Friday, May 31, 2013

JavaScript and PeopleTools 8.53

We are in the middle of updating our PeopleSoft application to PeopleTools 8.53 from 8.49. As expected, we are finding that some of our custom JavaScript is still working fine and some is not.

Loading JavaScript Libraries

A big change is how page content is loaded in 8.53. PeopleSoft now uses an AJAX approach, loading the content and content updates asynchronously. This approach caused our simple scheme of loading our jQuery JavaScript libraries from files using script tags in an HTML area to break. Luckily there is a solution. You can now put your library code into an HTML object and refer to it using PeopleTools meta-html.

So we went from this:

   <script language="JavaScript" src="/js/jquery-min.js"></script>

to this:

   <script language="JavaScript" src="%JavaScript(RH_JQUERY_LIB)"></script>

PeopleTools automatically minifies (somewhat) and caches your JavaScript on the web servers, so you don't need to maintain the library files on your web servers. We are switching some of our custom JavaScript to load this way also.

Modal Dialog Boxes

One of the nice PeopleTools improvements is the use of modal dialog boxes for messages (messagebox(), error, etc.). We spent a lot of time replacing the ugly 8.4x message pages and alerts with nice modal dialogs with the help of jQueryUI. Now we are tearing that out and leveraging the PeopleTools dialog code. I found a nice delivered JavaScript function, psConfirm2(), that is used to create dialogs. To simplify its use, I wrapped it in a helper function.

// Generic function to call PS dialog box
// Do Not call directly. Use showConfirmDialog or showOKDialog instead.
function showDialog(title,msg,type,okAction,cancelAction,okAction) {
   var bDelay;
   msg = msg.replace(/\n/g,"<br>"); //replace CRs with html breaks
   psConfirm2(title, msg, type,cancelAction, okAction, null, bDelay);

Then I added two more functions: one for OK/Cancel dialogs and one for OK dialogs (like the old alert).

// Show OK/Cancel dialog box
// okAction and cancelAction are string name of functions to call on button click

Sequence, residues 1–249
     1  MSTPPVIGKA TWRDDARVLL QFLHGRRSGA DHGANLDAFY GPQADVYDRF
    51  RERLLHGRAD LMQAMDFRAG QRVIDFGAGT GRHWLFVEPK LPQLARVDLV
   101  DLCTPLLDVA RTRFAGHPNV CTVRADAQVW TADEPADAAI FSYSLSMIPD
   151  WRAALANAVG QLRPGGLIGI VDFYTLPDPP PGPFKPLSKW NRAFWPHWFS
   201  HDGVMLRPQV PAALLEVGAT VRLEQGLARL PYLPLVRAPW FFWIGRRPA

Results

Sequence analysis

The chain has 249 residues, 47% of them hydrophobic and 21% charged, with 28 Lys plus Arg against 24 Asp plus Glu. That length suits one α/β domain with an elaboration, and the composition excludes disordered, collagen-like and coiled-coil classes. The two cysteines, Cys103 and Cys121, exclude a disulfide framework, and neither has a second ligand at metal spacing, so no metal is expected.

// If an empty string ("") is passed to action, that button will close dialog.
function showConfirmDialog(title,msg,cancelAction,okAction) {
   showDialog(title, msg, "OKCancel",cancelAction, okAction);

// Show OK dialog box
function showOKDialog(title,msg) {
   showDialog(title, msg, "OK","", "");

Here is the code in action:

   msg = '%BIND(:2)'; // Confirm escalate msg 132
   showConfirmDialog("Confirm", msg,  "", "confirmSubmit()");

The dialogs look better if the message text is formatted HTML. I like to use <p></p> tags rather than <br> where possible. 

One gotcha is that any function passed to psConfirm2 has to be declared globally. If you are using jQuery, this means that it is declared outside the $(document).ready(function(){} block. In practice, I just put the declaration before the block, but the function definition inside. 

var confirmSubmit;
   confirmSubmit() {
      //Code goes here


You can change the look of your dialogs by overriding the delivered Stylesheet with your own custom Stylesheet. For instance, if you want to change the color of the buttons, override the .PSPUSHBUTTONTBOK style.

The dialogs seem to resize themselves to the length of the text lines. They often end up too wide for my taste. I found that forcing a new line with a <br> tag in a long paragraph is a good way to force a narrower dialog.

I'll be sharing some more findings in future posts.

Happy coding!

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